So today I was on the second day of what amounts to a data entry task, one that I have to do twice a month at work. It used to take me about two and a half days to do the job, but with all the innovations I've made in the last seven months, I've finally got it down to just under two days - this despite the fact that the report I'm working with gets longer almost every time. Today I would have finished at least an hour or two sooner, but I made several major mistakes at the very end that were hard to track down. At one point my total was half a million dollars off! Frustrating, very.
But I got it done, and left work only about an hour or so later than usual. Had I not been so tired toward the end of the day, I'm sure I would have done better.
Now one of the innovations I've made in my approach to this task is designed to counter the tedium of the data entry, my sleepiness if I didn't get to bed at a decent hour, and the tendency of my mind to wander away from the task at hand - any task at hand. Can you guess what I use to do all that?
That's right. I play my iPod.
Back in December, around the 25th anniversary of John Lennon's death, I filled the remaining space on my iPod with nearly the entire Lennon box set of CDs. This is in addition to the Beatles music that was already on there, along with a McCartney song, some Harrison, a bunch of Disney, pretty much everything by The Clash, and lots of other stuff. Since then, John Lennon's music has come up a lot when I've had my iPod mini set to shuffle songs. But until today, I don't recall that it ever played two Lennon songs in a row, or even two Lennon vocals in a row.
But today I heard Cold Turkey, followed by the Beatles' And Your Bird Can Sing, with John on lead vocal. I was struck by the difference between the two songs. Cold Turkey is undoubtedly a great song, with a killer guitar riff. And Your Bird Can Sing is a good but not outstanding track from the Beatles' middle period, the bridge between "Yeah, Yeah, Yeah" and the post-Pepper era of non-stop innovation. Cold Turkey is all about the misery of getting off heroin, complete with a minute or two of screaming at the end, which is painful to listen to. And Your Bird Can Sing is a fun second person song, typical of early Lennon lyrics with its mild wordplay and its interpersonal subject matter, about some girl and how she makes him feel. In this case, she doesn't impress him very much. It's a good song, better than most music by anyone other than The Beatles, but nothing special compared to If I Fell and No Reply and Norwegian Wood (for example), all of which are Lennon vocals. (Generally speaking, if John handles most of the vocals on a Beatles song, it means that he wrote most of it.)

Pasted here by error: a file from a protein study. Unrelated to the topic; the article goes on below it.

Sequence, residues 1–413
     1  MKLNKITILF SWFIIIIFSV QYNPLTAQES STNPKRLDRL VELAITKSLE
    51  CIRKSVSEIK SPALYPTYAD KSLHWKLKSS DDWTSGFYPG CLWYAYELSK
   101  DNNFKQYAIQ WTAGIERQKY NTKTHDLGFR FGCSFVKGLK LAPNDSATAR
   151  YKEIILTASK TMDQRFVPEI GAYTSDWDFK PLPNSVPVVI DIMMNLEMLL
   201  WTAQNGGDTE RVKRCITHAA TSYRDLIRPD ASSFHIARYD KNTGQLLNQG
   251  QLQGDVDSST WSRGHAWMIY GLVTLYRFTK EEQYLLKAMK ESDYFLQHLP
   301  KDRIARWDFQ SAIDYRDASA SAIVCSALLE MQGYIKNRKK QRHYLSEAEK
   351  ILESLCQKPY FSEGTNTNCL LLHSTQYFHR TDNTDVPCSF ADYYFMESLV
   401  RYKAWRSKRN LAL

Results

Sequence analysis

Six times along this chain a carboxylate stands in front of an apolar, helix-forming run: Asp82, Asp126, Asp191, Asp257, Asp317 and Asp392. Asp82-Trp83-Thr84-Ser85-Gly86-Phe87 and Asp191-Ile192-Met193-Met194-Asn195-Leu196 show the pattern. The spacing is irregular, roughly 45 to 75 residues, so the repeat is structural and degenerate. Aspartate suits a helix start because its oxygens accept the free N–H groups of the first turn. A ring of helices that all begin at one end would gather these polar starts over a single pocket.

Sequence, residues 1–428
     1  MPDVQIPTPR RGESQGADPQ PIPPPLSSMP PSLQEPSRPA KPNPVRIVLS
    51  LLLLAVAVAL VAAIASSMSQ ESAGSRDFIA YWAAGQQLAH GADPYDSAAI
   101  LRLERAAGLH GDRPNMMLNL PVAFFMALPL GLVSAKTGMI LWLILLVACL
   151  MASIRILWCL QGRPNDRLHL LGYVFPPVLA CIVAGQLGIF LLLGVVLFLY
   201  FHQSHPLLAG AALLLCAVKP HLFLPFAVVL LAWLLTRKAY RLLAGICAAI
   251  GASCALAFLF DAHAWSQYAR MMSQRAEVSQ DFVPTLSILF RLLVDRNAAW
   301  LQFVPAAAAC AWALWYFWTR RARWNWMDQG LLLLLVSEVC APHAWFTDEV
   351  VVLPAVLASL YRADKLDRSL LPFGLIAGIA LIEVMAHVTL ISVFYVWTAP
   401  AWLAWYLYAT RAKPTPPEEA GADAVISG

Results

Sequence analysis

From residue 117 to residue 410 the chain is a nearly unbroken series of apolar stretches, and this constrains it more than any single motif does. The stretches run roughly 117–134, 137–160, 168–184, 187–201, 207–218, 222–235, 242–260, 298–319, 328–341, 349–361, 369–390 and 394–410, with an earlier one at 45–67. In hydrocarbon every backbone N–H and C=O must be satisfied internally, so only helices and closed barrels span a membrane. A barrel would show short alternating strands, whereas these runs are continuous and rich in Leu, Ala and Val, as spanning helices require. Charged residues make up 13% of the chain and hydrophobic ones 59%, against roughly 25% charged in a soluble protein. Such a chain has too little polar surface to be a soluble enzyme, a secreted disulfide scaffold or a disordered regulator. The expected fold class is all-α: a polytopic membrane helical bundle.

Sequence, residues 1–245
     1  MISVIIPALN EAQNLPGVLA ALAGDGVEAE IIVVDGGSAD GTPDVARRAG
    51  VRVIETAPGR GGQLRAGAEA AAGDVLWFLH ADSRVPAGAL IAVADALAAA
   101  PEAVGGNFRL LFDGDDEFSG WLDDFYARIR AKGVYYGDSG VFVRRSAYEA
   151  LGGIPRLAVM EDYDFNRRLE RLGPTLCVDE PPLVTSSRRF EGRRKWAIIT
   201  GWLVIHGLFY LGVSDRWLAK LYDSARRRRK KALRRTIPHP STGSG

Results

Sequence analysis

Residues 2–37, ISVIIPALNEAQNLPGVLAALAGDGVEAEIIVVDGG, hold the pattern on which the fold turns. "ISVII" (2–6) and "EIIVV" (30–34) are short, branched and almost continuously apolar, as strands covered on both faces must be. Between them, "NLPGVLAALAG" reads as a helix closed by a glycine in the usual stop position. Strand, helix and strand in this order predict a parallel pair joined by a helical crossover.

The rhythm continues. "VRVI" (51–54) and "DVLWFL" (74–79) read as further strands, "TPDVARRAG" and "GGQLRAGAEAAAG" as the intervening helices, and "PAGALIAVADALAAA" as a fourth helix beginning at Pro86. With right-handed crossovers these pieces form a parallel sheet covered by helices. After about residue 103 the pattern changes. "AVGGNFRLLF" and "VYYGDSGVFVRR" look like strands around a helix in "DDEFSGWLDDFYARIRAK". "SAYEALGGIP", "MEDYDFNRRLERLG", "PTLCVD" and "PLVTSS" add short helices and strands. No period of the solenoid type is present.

Between Cold Turkey and And Your Bird Can Sing, I'd rather listen to And Your Bird Can Sing. I'd rather have fun than commiserate with Lennon's drug-related pain.
I was still thinking about this when the next song started. You guessed it: it was yet another Lennon vocal: Lucy in the Sky With Diamonds. This was the Beatles version, but I also have the Elton John/John Lennon version on the iPod. That is one pathetic recording. You can barely hear John on it. That was during his "Lost Weekend" era, and it shows, with Elton John completely carrying the performance, and John barely showing up. But the Beatles version is outstanding, Lennon at his very best. Oh, yeah, that's much better than And Your Bird Can Sing.
This little audio adventure in random synchronicity wasn't quite over yet. The next song was Angel Baby, an 1950s rock and roll song as covered by John Lennon in the early 1970s. It's not lyrically clever like either of the Beatles songs that preceded it, but Lennon clearly enjoyed singing it. That made it fun to listen to.
And oh, yeah, the iPod gave me a little Lennon encore 22 songs later, with God and Intuition back to back. That got me to thinking again about the solo Lennon era in general. For all his genius, John Lennon got in definite ruts in his solo work. His early songs without Paul are mostly either political or about his pain. And really, song after song about a rich rock star's misery and disillusionment gets to be a bit much after a while. His other subject matter, love, is less palatable than his work as a Beatle. This is because the women in his earlier work were either nameless or fictional or both. But after 1970, his love songs pretty much always have the name Yoko attached to them. Sure, she was the love of his life, and he was entitled to write about that rather complex relationship. But whereas Paul wrote lots and lots of love songs for Linda but seldom mentioned her name in them, John named Yoko many, many times. This really limits the universality of those songs.
After John Lennon died, there was a huge tendency in this country (and probably around the world) to build up John Lennon as the main talent behind The Beatles, and a better solo artist than Paul McCartney. This was a mistake. The Beatles were four talented artists, working together and inspiring each other; and the songwriting partnership of Lennon and McCartney was more of a powerhouse of creativity, discipline and innovation than either artist managed on his own later. Yes, John Lennon wrote a number of great songs without Paul, and I won't be pulling those off my iPod anytime soon. But I have to wonder whether he would have moved beyond his pain, politics and Yoko fixations had he lived beyond 1980 - or whether his best days as a songwriter would inevitably have been behind him after April, 1970.